The first thing she did on arriving in Scotland was spend a morning at Gullane beach, East Lothian. The second was to buy a kilt. “Two of them, ” says Cheung. “Ladies’ kilts. They’re kind of fashiony. One of them is very nice imitation leather. I thought, ‘Yeah, I can do something with that.'” She used to be a model for Hermes, and was first runner-up for Miss Hong Kong in 1983. There is no reason to doubt that Cheung would look as good in a kilt as she does today in trousers and boots, or as she did wearing a traditional cheongsam dress in Wong Kar-Wai’s film In The Mood For Love (2000).
That dress, she claims today, played its own part in a performance which magnetised world cinema at the turn of the 21st century. As a wronged wife in 1960s Hong Kong, Cheung could apparently transmit live currents of emotion just by moving down a staircase. “There was only one way for me to sit in a cheongsam, ” she says. “Only one way for me to walk. So in a way I did not really have to make any choices in becoming that woman. After a while, it was quite natural.” This is typical, it seems Cheung tends to explain herself first in the simplest terms, before suggesting that things are more complicated with some inadvertently enigmatic turn of phrase.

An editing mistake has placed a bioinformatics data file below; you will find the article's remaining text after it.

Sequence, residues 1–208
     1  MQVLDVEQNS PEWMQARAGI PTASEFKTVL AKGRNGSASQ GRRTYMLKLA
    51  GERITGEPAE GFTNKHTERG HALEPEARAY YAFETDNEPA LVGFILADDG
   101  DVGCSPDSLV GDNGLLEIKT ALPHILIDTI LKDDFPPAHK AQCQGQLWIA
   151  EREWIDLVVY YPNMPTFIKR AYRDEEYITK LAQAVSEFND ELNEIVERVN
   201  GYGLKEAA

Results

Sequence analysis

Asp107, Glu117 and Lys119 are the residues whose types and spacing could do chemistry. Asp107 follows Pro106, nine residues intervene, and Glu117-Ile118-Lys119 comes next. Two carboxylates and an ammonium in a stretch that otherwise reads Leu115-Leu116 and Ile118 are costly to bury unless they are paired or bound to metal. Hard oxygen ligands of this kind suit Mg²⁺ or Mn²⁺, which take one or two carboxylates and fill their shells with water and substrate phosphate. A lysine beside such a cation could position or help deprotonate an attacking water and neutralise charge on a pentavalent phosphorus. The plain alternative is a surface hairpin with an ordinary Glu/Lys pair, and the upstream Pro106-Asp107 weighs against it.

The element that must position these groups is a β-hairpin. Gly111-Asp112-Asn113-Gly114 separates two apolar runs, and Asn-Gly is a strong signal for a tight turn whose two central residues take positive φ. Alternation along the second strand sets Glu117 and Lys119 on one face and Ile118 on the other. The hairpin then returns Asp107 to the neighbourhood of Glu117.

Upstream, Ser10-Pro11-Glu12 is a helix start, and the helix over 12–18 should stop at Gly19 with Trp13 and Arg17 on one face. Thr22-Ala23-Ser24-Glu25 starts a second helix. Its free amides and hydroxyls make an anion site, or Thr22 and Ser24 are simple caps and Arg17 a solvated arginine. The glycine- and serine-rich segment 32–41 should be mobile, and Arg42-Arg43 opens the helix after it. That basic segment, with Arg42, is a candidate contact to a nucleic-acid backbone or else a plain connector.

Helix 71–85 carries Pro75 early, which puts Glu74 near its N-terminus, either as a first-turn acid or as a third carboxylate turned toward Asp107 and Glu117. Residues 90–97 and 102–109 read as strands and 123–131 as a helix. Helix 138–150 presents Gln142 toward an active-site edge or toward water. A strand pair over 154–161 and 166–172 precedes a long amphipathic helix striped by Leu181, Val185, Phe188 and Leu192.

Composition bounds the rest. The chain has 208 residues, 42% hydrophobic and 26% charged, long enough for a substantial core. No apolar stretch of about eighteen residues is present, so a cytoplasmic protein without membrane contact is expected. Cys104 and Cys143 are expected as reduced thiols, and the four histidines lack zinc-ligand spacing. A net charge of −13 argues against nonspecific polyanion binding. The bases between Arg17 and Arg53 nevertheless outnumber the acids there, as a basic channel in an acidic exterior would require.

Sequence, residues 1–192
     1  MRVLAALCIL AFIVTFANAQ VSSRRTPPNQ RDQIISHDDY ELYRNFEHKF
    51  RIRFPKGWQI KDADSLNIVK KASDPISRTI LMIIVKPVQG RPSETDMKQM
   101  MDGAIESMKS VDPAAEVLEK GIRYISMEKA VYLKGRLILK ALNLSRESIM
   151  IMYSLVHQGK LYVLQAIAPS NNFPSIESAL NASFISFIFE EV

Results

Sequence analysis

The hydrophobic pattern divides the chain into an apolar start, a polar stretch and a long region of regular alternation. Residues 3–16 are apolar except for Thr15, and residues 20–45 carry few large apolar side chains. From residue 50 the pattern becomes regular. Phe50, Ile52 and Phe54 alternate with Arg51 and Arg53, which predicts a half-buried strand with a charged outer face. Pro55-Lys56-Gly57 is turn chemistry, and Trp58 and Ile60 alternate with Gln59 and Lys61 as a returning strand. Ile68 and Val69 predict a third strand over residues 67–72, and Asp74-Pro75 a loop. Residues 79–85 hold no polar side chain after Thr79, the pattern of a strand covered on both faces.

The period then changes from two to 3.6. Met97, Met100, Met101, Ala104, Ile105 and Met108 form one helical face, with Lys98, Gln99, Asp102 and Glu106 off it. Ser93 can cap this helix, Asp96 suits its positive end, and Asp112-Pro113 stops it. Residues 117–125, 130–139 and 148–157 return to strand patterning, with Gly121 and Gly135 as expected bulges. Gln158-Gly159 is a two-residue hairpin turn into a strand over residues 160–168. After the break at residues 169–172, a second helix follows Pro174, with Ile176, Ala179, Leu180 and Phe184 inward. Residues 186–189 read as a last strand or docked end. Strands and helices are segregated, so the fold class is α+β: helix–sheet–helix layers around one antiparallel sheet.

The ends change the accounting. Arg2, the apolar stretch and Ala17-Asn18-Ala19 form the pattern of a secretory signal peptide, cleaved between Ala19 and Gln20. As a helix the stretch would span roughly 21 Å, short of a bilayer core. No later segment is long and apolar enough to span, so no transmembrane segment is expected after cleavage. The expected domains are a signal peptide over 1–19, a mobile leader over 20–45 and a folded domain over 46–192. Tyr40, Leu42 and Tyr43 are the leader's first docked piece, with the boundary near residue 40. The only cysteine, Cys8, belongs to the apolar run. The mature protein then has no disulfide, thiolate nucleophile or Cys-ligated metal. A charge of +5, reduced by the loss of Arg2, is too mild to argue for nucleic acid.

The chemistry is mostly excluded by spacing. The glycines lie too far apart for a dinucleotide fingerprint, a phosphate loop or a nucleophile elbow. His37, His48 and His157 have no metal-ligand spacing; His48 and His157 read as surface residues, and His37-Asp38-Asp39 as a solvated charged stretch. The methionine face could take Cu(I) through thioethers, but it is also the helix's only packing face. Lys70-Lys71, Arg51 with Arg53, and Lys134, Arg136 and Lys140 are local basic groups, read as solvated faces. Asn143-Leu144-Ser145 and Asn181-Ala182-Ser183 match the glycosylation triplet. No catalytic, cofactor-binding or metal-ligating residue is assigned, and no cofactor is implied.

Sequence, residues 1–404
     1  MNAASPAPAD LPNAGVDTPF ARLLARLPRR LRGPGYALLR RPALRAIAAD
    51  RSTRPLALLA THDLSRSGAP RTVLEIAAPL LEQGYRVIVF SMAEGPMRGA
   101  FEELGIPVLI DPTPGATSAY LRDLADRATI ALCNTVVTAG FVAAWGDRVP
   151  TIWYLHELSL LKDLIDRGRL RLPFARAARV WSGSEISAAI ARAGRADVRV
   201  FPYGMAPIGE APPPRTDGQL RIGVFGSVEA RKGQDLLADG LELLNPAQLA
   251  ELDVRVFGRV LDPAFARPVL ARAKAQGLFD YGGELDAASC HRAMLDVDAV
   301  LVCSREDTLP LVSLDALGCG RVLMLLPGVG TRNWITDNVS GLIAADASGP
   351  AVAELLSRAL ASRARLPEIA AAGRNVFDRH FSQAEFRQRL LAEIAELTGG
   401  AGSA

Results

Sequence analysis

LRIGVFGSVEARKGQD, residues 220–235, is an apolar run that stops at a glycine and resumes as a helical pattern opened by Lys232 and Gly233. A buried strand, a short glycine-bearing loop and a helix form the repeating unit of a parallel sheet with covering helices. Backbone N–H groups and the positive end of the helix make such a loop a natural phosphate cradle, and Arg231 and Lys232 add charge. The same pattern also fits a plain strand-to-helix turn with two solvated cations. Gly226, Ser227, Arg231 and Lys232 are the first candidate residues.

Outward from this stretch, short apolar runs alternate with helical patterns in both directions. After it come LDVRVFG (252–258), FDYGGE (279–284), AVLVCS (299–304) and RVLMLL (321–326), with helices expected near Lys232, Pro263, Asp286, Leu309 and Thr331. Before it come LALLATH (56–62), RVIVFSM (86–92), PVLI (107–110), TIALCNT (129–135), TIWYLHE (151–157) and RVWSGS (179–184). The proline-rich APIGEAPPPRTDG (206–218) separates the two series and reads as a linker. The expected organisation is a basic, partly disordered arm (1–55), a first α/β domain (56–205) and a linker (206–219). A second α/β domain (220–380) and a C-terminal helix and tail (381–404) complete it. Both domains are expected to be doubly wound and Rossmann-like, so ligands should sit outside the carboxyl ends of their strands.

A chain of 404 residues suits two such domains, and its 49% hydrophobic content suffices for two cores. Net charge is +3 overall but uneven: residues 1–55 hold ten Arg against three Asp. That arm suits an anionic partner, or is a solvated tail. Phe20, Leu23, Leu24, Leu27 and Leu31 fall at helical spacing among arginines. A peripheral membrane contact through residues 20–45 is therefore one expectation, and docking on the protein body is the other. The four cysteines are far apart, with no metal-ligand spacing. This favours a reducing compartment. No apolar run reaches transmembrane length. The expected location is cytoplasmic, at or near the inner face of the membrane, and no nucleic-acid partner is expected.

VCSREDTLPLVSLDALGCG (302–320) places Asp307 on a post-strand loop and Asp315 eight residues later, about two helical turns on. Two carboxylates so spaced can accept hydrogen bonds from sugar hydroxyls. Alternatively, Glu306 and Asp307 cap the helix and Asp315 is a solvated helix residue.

“What you see on screen, ” she confesses at one point, “is always a shadow of me. I don’t think I’ve been able to erase those shadows from any of my work.” In The Mood For Love remains the most widely acclaimed of the three Maggie Cheung movies selected for this festival, if not the most popular. Zhang Yimou’s costly and opulent martial arts romance Hero (2002) became the biggest Chinese hit in history at the international box office.
And Stanley Kwan’s Centre Stage (1992) was the biographical drama that ended Cheung’s joyless 10-year run of Hong Kong comedies and action films, giving her the show-stopping role of Ruan Lingyu, who committed suicide in the 1930s after becoming the first female movie star to rise out of Shanghai’s burgeoning equivalent to Hollywood.